Nashville, TN 37203
Listed in the National Register of Historic Places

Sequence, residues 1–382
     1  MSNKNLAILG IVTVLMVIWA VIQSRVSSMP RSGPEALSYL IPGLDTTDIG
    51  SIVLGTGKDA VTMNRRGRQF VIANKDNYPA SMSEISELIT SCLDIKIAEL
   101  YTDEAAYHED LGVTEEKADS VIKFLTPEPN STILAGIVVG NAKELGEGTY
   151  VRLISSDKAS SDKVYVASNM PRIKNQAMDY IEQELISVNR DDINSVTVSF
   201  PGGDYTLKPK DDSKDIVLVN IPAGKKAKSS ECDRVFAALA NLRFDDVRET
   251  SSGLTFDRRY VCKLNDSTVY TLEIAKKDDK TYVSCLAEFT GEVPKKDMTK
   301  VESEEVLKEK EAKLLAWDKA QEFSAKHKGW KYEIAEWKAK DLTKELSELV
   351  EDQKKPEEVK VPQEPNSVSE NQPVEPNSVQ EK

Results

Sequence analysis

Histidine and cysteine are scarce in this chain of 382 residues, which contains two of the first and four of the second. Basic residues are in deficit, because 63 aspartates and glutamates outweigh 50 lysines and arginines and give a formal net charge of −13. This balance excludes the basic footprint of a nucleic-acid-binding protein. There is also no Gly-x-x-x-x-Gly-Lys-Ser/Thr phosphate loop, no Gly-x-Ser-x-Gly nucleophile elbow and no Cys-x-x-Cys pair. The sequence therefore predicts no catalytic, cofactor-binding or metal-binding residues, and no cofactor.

Hume-Fogg High School, built from 1911 to 1917, stands on the site of the city’s first school. It is named for Alfred Hume and B.J. Fogg, important educators in the early development of public education in Nashville. Architects William B. Ittner of St. Louis and Robert S. Sharp of Nashville designed this block-long four-story stone building in the Collegiate Gothic style, a turn-of-the-century architectural movement that began with the campuses at Princeton, Yale, and Duke universities. Over the main Broadway entrance is a set of cut stone figures symbolizing the classical curriculum taught at the school since the 1930s: literature, composition, science, mathematics, domestic arts, instrumental drawing, and fine arts. Hume-Fogg became an academic magnet school in the 1980s, and in 2008 and 2009, Newsweek magazine ranked the school in the top 30 of public high schools nationally. Some of Hume-Fogg’s most famous alumni include poet and literary critic Randall Jarrell (1931), actress and singer Dinah Shore (1934); Academy-Award-winning director Delbert Mann (1938); and model and actress Bettie Page (1940).